Send to

Choose Destination
J Musculoskelet Neuronal Interact. 2018 Mar 1;18(1):32-41.

Leptin-deficiency eradicates the positive effect of traumatic brain injury on bone healing: histological analyses in a combined trauma mouse model.

Author information

Center for Musculoskeletal Surgery, Charité - University Medicine Berlin, Augustenburger Platz 1, 13353, Berlin, Germany.



The combination of traumatic brain injury (TBI) and long-bone fracture leads to increased formation of callus and mineral density in wild-type (WT) mice. However, this effect was not detected radiologically in leptin-deficient mice. Due to the complex interactions between hormonal and bone metabolism and the important role of leptin in this setting, our aim was to investigate morphologic properties and the tissue composition in the fracture callus comparing WT and leptin-deficient mice.


Female C57/Black6N mice (n=36) and leptin deficient ob/ob mice (n=36) each were assigned to two groups (fracture Fx/combined trauma Fx/TBI). Femoral osteotomy was stabilized with external fixator, TBI was induced with controlled cortical impact injury. After sacrifice of the animals, femora were harvested, cryofixated, and 7 µm slices were prepared. Staining was performed adhering to Movat's Pentachrome protocol. Histomorphometric analysis, quantifying percentage of mineralized bone area, and a semi-quantitative evaluation of bone bridging were performed.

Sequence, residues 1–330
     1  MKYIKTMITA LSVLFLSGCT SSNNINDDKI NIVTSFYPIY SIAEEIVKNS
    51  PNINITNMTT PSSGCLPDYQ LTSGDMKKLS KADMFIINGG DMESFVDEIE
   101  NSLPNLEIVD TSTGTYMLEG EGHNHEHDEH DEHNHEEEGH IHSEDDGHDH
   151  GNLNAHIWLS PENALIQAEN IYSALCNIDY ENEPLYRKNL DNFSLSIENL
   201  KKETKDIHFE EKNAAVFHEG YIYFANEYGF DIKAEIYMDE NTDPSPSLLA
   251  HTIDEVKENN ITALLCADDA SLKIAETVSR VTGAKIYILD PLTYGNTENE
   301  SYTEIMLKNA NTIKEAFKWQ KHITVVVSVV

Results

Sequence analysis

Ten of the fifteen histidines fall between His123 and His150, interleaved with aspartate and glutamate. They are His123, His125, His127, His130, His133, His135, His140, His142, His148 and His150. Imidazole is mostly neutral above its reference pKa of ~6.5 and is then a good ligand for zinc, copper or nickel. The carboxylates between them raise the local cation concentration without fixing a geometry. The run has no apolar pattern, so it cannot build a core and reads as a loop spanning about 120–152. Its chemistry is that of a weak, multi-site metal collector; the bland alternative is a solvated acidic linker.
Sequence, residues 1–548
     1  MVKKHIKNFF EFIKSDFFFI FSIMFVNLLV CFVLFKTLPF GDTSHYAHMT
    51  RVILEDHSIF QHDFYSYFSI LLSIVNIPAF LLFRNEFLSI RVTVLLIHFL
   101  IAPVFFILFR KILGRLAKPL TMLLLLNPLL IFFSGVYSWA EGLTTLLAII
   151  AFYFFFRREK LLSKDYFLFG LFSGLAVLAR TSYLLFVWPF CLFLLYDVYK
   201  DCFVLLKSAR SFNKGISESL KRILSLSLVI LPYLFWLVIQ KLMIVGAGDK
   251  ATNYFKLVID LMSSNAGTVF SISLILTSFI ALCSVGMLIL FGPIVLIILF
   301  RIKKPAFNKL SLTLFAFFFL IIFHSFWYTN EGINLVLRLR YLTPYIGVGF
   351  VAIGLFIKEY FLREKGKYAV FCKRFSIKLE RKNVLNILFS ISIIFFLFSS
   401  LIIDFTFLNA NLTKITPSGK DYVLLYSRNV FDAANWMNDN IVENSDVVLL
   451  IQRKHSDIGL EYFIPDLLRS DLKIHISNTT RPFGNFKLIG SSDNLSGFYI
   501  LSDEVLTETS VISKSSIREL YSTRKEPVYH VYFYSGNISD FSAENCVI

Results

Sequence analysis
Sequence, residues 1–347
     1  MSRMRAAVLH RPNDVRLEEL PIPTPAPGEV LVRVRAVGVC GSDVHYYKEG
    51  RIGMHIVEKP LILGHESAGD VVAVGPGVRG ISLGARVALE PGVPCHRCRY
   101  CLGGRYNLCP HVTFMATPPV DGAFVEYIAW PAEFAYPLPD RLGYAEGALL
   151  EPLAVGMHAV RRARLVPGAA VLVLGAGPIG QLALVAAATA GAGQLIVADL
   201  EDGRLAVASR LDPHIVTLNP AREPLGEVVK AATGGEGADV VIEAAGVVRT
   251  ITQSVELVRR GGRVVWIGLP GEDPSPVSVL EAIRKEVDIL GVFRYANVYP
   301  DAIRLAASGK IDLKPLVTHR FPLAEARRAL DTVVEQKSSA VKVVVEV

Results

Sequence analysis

Leptin deficient mice showed a higher rate of non-union after osteotomy, less callus formation in the osteotomy gap, and unexpected bone and cartilage formation independent of the osteotomy region.


Leptin plays an important role in fracture healing and bone formation. Without Leptin, the positive effect of TBI on fracture healing ceases. The comprehension of the underlying pathophysiological process could sign important for novel strategies in stimulation of fracture healing.


Supplemental Content

Full text links

Icon for International Society of Musculoskeletal and Neuronal Interactions Icon for PubMed Central
Loading ...
Support Center